The Government of Pakistan, which has hosted millions of Afghans for decades, recently announced that all “undocumented” foreign nationals must leave the country by 1 November or face deportation to their countries of origin.
These plans would impact many Afghans who fled to Pakistan seeking safety and protection due to serious human rights concerns and the years-long humanitarian crisis in Afghanistan.
“Pakistan should stop all forced returns and continue to host Afghan nationals who fled for safety,” the experts said.
“The Government must also ensure their full access to procedures where their individual human rights protection needs and their need for effective protection in line with international human rights and refugee standards, are fully assessed,” they added.
Concerns over refoulement
The experts expressed concern over the risk of refoulement, particularly for Afghan nationals. They warned many families, women, and children would be at risk of irreparable harm, including serious human rights violations and abuses in their home country.
“We urge Pakistan to uphold the absolute and non-derogable principle of non-refoulement and prevent collective expulsion and forced return,” the experts said.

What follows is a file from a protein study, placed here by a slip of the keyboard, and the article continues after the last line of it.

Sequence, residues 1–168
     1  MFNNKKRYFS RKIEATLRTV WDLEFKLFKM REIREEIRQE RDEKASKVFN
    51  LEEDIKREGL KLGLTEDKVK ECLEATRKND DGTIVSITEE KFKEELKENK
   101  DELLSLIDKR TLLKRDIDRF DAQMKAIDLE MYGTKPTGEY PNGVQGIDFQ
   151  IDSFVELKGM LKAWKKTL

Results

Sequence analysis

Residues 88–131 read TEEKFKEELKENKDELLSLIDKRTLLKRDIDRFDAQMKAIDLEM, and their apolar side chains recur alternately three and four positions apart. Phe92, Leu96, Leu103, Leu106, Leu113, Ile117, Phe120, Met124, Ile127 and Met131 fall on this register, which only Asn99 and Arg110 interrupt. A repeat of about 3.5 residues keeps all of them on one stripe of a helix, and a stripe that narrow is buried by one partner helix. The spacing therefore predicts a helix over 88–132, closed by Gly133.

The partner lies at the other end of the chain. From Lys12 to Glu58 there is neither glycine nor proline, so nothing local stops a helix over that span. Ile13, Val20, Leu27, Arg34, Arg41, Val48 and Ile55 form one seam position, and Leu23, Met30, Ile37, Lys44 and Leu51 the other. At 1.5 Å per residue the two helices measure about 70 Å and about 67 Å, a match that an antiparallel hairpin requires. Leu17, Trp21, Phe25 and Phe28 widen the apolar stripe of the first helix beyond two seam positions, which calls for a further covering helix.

“We are also concerned by reports that Afghans living in Pakistan have been subjected to arrests, exploitation and undignified treatment, including since Pakistan announced its repatriation plans.”
The prohibition of refoulement is explicitly included in the Convention against Torture and Other Cruel, Inhuman, or Degrading Treatment or Punishment, to which Pakistan is a State party.
Safe and dignified return
In a letter dated 23 December 2021, the group of UN experts urged Pakistan to halt deportations of Afghan nationals following the Taliban takeover, until the circumstances and human rights situation in Afghanistan allows for the safe and dignified return of foreign nationals.
The experts also urged Pakistan to continue its collaboration with relevant UN entities to ensure protection for those seeking safety in the country.
Special Rapporteurs are appointed by the UN Human Rights Council and form part of what is known as its Special Procedures. The experts are mandated to monitor and report on specific thematic issues or country situations.
They serve in their individual capacity, are not UN staff, and do not receive a salary.